What is your impression of the description of settings and characters in the heart of darkness? Do the Africans seem stereotyped to you? What signs are there that the narrator is sympathetic towards them? “Heart of darkness” is a novella that focuses on one man’s travels through Africa. In this book Marlow compares the differences between the white people in England who he is used to being with, and the indigenous people whom he is surrounded by when exploring the Congo River.

When the book was written in the 19th century Conrad’s views towards colonialism were viewed as radical, however, many people today think that the author is in fact racist. People come to this conclusion because throughout the book Conrad often stereotypes the black people and is reluctant to commend the Africans way of life. This essay will look at the descriptions of settings and characters in the book and whether the narrator is racist because of the way he stereotypes the African people. At the very beginning of the novella the narrator (who is not introduced in any way) describes an Englishman called Marlow.

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The manner in which Marlow is described instantly makes the reader respect him because the attitude of the narrator is very infectious. He says that Marlow had “sunken cheeks, a yellow complexion, a straight back, an ascetic aspect, and, with his arms dropped, the palms of his hands faced outwards, resembled an idol. ” This is basically saying that even though he has, physically, seen better days, his mind and mental attitude have never been better. This could be hinting at the fact that, even though the coloured people look like they are strong and physically fit, their mental state is not at all equal to the British men.

It seems to be that every time a white man is described they are looked at with respect and dignity, but the novella is continually pointing out that English people are the more intelligent race. Marlow, it says, is an “idol”. This, however, is in stark contrast to the way in which the indigenous race is described. For example on page 96 of the novella it describes a group of indigenous people as “a mass of naked, breathing, quivering bronze bodies”. So this is, instead of pointing out there wild and mesmerising spirit, showing that the only noteworthy thing about the indigenous people is their bodily strength.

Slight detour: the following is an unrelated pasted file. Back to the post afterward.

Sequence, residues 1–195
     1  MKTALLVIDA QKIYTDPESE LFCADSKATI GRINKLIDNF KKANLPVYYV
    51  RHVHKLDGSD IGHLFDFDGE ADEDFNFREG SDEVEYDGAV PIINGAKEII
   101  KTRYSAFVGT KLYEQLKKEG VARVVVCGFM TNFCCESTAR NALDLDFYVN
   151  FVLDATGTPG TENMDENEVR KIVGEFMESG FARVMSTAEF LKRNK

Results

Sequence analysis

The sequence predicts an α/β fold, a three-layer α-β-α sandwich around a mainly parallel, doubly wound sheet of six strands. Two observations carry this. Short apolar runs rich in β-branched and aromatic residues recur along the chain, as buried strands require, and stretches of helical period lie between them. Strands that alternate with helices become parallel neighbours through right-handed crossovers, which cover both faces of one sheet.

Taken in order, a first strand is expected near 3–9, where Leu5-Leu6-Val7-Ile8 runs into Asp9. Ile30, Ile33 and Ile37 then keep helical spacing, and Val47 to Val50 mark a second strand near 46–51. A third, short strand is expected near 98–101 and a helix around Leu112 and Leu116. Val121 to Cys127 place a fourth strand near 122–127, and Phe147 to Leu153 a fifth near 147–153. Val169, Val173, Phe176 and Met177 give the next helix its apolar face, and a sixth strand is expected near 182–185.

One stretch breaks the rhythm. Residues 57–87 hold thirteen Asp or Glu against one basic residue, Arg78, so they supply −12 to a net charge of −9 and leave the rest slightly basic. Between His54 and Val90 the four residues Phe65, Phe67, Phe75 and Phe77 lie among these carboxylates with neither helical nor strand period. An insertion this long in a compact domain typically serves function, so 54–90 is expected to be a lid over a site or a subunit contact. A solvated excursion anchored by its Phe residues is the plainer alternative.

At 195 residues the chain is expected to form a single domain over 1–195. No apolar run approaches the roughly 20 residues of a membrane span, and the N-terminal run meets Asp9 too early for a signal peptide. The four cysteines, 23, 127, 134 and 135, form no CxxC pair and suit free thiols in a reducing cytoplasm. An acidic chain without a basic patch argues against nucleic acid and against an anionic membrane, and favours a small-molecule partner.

Conrad does not go into great detail describing the beings like he would with the white people. He doesn’t even point out a couple of individuals as different to the rest, the black people are down trodden and seem to have had the spirit beaten out of them. They have given up on all hopes of being a proud race and now they are acting like a carpet of “quivering… bodies” for the white people to walk on. In this section of writing the narrator is being stereotypical of the indigenous people because he because he looks at them as no better than a bunch of bronze bodies.

In Rudyard Kipling’s poem, “The white man’s burden”, it further emphasizes the view of the black people when it says, “Your new-caught, sullen peoples, Half-devil and half-child. ” He therefore is no longer referring to them as people, instead he calls them half devil. The way in which Marlow describes the African setting also seems to lay a racist attitude according to a twenty-first century reader. He describes Africa as “one of the dark places on earth”. This means that Marlow did not think very much of the African people or the environment in which they lived.

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